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Equivalence relations

Equivalent Statements

Before proceeding it’s important to remember the following statements are equivalent
• A, \equiv, B, space, left parenthesis, start text, m, o, d, space, end text, C, right parenthesis
• A, start text, space, m, o, d, space, end text, C, equals, B, start text, space, m, o, d, space, end text, C
• C, space, vertical bar, space, left parenthesis, A, minus, B, right parenthesis (The | symbol means divides, or is a factor of)
• A, equals, B, plus, K, dot, C (where K is some integer)
This lets us move back and forth between different forms of expressing the same idea.
For example the following are equivalent:
• 13, \equiv, 23, space, left parenthesis, start text, m, o, d, space, end text, 5, right parenthesis
• 13, start text, space, m, o, d, space, end text, 5, equals, 23, start text, space, m, o, d, space, end text, 5
• 5, space, vertical bar, space, left parenthesis, 13, minus, 23, right parenthesis ( 5, space, vertical bar, space, minus, 10, which is true since 5, times, left parenthesis, minus, 2, right parenthesis, equals, minus, 10 )
• 13, equals, 23, plus, K, dot, 5. We can satisfy this with K, equals, minus, 2: 13, equals, 23, plus, left parenthesis, minus, 2, right parenthesis, times, 5

Congruence Modulo is an Equivalence Relation

pie

Convince yourself that the slices used in the previous example have the following properties:
• Every pair of values in a slice are related to each other
• We will never find a value in more than one slice (slices are mutually disjoint)
• If we combine all the slices together they would form a pie containing all of the values
A pie with slices that have these properties has an equivalence relation.
An equivalence relation defines how we can cut up our pie (how we partition our set of values) into slices (equivalence classes).
In general, equivalence relations must have these properties:
• The pie: A collection of all the values we are interested in
• A slice of pie: An equivalence class
• How we cut the pie into slices: equivalence relation
Specifically, for our previous example:
• The pie: The collection of all integers
• A slice of pie labelled B: Equivalence class where all the values start text, m, o, d, space, end text, C, equals, B
• How we cut the pie into slices: Using the congruence modulo C relation, \equiv, left parenthesis, start text, m, o, d, space, end text, C, right parenthesis
This is why we say that Congruence modulo C is an equivalence relation. It partitions the integers into C different equivalence classes.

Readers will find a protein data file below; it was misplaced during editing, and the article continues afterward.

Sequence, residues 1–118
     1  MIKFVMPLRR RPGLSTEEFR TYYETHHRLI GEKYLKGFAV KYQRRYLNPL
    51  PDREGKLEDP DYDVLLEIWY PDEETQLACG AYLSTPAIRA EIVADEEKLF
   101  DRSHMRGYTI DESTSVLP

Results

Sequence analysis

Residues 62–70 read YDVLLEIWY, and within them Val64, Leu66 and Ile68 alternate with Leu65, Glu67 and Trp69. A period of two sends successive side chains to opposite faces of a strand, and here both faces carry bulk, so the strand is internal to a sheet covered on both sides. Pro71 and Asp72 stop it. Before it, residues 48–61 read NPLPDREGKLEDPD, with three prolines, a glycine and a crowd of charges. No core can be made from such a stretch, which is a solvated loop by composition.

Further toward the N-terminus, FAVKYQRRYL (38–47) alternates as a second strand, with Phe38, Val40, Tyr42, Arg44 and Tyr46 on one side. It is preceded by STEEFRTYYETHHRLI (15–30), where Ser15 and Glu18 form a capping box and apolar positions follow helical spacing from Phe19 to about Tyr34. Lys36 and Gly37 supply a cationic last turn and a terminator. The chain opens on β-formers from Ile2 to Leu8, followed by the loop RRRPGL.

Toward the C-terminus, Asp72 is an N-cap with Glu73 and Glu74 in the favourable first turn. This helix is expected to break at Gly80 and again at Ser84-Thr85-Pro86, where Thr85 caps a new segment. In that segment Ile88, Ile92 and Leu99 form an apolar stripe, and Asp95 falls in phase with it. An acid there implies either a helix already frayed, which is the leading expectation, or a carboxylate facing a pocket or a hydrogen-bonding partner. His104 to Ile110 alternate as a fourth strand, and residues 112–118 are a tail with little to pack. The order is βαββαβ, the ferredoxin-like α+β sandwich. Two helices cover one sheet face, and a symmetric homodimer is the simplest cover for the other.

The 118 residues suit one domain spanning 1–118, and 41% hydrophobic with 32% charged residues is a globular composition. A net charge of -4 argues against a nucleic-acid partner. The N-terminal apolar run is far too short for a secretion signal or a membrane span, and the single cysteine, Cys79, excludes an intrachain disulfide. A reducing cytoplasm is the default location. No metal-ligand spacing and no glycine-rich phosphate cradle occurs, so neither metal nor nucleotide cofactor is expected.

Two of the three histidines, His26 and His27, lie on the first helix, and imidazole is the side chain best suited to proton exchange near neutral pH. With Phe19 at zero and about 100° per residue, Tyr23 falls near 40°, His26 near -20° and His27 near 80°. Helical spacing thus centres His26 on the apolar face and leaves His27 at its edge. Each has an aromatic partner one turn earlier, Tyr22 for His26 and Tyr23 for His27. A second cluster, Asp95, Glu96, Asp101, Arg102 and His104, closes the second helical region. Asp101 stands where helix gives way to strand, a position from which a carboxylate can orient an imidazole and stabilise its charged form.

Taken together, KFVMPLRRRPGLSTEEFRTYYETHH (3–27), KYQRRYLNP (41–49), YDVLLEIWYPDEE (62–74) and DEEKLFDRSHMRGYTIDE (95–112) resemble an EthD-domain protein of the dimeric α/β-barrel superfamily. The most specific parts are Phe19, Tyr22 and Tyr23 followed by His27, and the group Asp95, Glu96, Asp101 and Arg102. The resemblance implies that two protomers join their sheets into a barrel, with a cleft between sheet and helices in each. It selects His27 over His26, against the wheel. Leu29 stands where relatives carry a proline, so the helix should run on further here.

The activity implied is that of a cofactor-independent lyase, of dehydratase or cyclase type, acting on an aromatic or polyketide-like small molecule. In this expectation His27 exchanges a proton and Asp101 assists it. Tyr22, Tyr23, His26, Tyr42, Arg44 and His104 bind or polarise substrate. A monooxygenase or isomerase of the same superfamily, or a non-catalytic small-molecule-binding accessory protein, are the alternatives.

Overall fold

Why do we care that congruence modulo C is an equivalence relation ?

Knowing that congruence modulo C is an equivalence relation lets us know about some properties that it must have.
Equivalence relations are relations that have the following properties:
• They are reflexive: A is related to A
• They are symmetric: if A is related to B, then B is related to A
• They are transitive: if A is related to B and B is related to C then A is related to C
Since congruence modulo is an equivalence relation for (mod C). This means:
• A, \equiv, A, space, left parenthesis, start text, m, o, d, space, end text, C, right parenthesis
• if A, \equiv, B, space, left parenthesis, start text, m, o, d, space, end text, C, right parenthesis then B, \equiv, A, space, left parenthesis, start text, m, o, d, space, end text, C, right parenthesis
• if A, \equiv, B, space, left parenthesis, start text, m, o, d, space, end text, C, right parenthesis and B, \equiv, D, space, left parenthesis, start text, m, o, d, space, end text, C, right parenthesis then A, \equiv, D, space, left parenthesis, start text, m, o, d, space, end text, C, right parenthesis

Example

mod5
Let's apply these properties to a concrete example using start text, m, o, d, space, end text, 5, colon
• 3, \equiv, 3, space, left parenthesis, start text, m, o, d, space, end text, 5, right parenthesis (reflexive property)
• if 3, \equiv, 8, space, left parenthesis, start text, m, o, d, space, end text, 5, right parenthesis then 8, \equiv, 3, space, left parenthesis, start text, m, o, d, space, end text, 5, right parenthesis (symmetric property)
• if 3, \equiv, 8, space, left parenthesis, start text, m, o, d, space, end text, 5, right parenthesis and if 8, \equiv, 18, space, left parenthesis, start text, m, o, d, space, end text, 5, right parenthesis then 3, \equiv, 18, space, left parenthesis, start text, m, o, d, space, end text, 5, right parenthesis (transitive property)

Want to join the conversation?

• can you explain more of reflexive properties with simpler examples? thanks.
• Reflexive property

This is a property, that some relations have, that says that an element must be related to itself.

An example relation with the reflexive property :
We have a relation, R, that is "has the same father as" i.e. if x is related to y then x has the same father as y
we would write this as:
x R y

This relation has the reflexive property, since x must have the same father as x, i.e. it is always true that x is related to x.
Written as:
x R x

An example relation without the reflexive property :
We have a relation, G, that is "is less than" i.e. if x is related to y then x < y
we would write this as:
x G y

This relation does not have the reflexive property, since x can not be less than x.

Reflexive property for congruence modulo :

Our relation, ≡ (mod C), is true when both elements have the same value mod C. i.e. if x ≡ y (mod C) then x mod C = y mod C

It is always true that x ≡ x (mod C) since x mod C = x mod C, thus the reflexive property holds for congruence modulo.
e.g.
5 ≡ 5 (mod 2)
7 ≡ 7 (mod 4)
13131313 ≡ 13131313 (mod 1554544774)

Hope this makes sense
• do you learn this in college?
• Yes, generally in a number theory class, although it can show up in some classes on discrete mathematics as well.
• Not sure where to ask this, so here goes:

Please note the equal sign is used instead of congruence, text is used in places instead of symbols.

Introduction to Algorithms (second printing) MIT Press. Page 805 has the following:
Theorem 33.2
If a and b are any integers, not both zero, then gcd(a,b) is the smallest positive element of the set {ax + by : x,y are members of Integers} of linear combination of a and b.

Proof